My blood pressure was climbing in that long airport security line.
I impatiently shifted from one foot to the other as my line inched forward. Then I felt a tug on my backpack. A bit more irritated, I pivoted to investigate.
Behind me stood a mom, eyes wide with fear and concern as she yanked her son back and scolded him. I looked down…and there he was. A rascally little grin beamed from a friendly youngster with Down’s syndrome.
In seconds, my hot impatience faded into warm delight.
Little Mahmoud had ten years of experience turning strangers into friends. Time sped by playing with him. We cheerfully chatted with his parents – war refugees. He ran up with a big hug as we loaded our handbags onto the security belt.
Mahmoud led the way, turning strangers into family.
He modeled the mystery that Dr. Martin Luther King learned from Jesus long ago: “Love is the only force capable of transforming an enemy into a friend.”1
And Mahmoud’s not the only one.
Hundreds of mentally challenged individuals are leading the way to transform relationships in war-torn countries. In conflict zones, these unsung and overlooked ambassadors are winning hearts, turning enemy strangers into family friends.
After devastating forced displacement, a group of refugee volunteers set up a social center. They planned to give mentally challenged refugee children in over-crowded camps some relief. But that center also became a refuge for traumatized volunteers to taste peace and joy along with their challenged “brothers and sisters.”
After three years, everyone was traumatized yet again when forced to return to their war-damaged homes and burned villages. Rebuilding ransacked homes was costly; rebuilding trust in broken relationships was harder.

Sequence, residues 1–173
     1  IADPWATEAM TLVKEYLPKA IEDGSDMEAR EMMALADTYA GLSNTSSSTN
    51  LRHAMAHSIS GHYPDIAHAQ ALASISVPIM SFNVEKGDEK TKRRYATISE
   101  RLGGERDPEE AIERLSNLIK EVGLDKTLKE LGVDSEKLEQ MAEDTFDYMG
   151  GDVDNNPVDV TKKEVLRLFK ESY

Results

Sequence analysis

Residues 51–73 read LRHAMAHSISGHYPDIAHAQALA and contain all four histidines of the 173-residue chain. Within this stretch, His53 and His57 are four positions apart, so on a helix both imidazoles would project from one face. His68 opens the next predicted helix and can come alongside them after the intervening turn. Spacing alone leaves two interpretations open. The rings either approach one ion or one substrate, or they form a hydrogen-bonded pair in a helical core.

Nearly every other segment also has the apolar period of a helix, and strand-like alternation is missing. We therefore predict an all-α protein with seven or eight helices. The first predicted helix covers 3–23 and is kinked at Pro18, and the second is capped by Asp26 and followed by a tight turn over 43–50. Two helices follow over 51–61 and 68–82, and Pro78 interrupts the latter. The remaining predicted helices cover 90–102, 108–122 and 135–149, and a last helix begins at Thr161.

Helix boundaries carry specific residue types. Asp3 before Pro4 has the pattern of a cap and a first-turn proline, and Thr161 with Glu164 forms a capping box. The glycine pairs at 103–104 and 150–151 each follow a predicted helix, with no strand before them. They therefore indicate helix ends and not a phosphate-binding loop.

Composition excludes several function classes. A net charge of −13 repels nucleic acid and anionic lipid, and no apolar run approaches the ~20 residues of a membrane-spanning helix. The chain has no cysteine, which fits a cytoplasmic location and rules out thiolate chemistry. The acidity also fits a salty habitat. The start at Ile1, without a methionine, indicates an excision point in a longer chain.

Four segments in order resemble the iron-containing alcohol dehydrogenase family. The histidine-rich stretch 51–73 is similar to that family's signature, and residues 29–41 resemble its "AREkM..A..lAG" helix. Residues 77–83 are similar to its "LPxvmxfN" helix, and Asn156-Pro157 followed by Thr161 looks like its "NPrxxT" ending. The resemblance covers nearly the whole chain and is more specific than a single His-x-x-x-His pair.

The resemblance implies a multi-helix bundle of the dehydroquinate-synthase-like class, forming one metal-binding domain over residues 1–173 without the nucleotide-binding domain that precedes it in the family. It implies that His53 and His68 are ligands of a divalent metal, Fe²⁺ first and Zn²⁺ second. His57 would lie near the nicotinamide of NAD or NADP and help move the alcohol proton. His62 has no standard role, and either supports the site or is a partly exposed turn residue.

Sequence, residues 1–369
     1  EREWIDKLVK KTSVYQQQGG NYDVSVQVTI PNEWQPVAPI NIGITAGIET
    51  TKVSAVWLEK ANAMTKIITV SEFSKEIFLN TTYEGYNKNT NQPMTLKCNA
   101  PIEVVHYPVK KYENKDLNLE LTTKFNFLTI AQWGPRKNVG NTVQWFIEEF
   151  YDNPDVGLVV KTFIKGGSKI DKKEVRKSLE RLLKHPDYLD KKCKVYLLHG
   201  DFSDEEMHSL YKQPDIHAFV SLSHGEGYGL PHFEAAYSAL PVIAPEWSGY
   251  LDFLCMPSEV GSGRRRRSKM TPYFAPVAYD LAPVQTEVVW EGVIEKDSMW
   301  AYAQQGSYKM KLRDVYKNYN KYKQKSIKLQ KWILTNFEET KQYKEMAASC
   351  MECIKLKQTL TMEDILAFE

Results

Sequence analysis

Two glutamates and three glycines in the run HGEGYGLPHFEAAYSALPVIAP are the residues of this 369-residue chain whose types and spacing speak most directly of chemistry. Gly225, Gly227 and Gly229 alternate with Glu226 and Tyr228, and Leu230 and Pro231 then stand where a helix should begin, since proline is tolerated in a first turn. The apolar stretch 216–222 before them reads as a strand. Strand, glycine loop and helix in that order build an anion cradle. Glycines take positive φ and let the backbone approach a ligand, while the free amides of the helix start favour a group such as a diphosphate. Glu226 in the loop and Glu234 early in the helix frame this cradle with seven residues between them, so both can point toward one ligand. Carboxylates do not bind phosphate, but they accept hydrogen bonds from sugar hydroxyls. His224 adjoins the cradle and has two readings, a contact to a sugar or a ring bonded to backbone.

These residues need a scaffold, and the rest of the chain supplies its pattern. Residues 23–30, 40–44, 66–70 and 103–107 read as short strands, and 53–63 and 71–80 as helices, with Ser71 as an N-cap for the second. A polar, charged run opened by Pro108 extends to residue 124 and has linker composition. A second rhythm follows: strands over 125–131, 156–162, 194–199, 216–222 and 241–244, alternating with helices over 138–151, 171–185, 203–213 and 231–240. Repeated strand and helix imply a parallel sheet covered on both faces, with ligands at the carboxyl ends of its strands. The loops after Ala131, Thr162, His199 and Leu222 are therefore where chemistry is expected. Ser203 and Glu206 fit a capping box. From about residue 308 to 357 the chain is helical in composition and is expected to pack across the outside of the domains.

The volunteers opened a second center for the challenged and for returnees. Once again, the challenged led the way, joyfully and honestly accepting new struggles.
David and I sat with one family, while their sweet little boy with Down’s syndrome climbed around and over us. His mom adjusted her head scarf while we talked.
With pain in his voice and agony in his eyes, his father described the stigma they suffer. “Our university colleagues asked us, ‘Did you give birth to a monkey?’”
That rejection made their welcome at the volunteer center all the more stunning.
“The volunteers invited us into their center, and then to their annual celebration. We drove two hours across the country to attend. I had never set foot in a church before. As we entered, our son was whisked out of our arms. For hours, full of giggles, he was kissed and passed from person to person. They loved him as one of their own.”
Now this father wants these volunteers to help him spread that love and open another center in the epicenter of the destruction. He’s learning the wonder of those prophetic words, “a little child will lead them.“
Spread across battle zones, these groups of the mentally challenged, their parents, and volunteers are forming a three-strand cord of strength.
This regional network of over two thousand is enduring in conflict zones. Even when fleeing violent destruction, they sustain trust and reform into new cell groups that turns strangers into friends, and friends into family.
Dreams InDeed walks with these volunteer leaders through their ups and downs. We guide their discernment of core values and mission. We provide them stewardship training and shepherding encouragement. We customize study guides to strengthen servant leaders throughout their networks.
As one local visionary said, “Dreams InDeed doesn’t just offer money. You accompany us in the hard times. You ask about the details of our lives. More than the money, please keep standing with us. Come be with us in the hard places.”
Let’s join the weak as they shame the strong, and the simple as they confound the wise.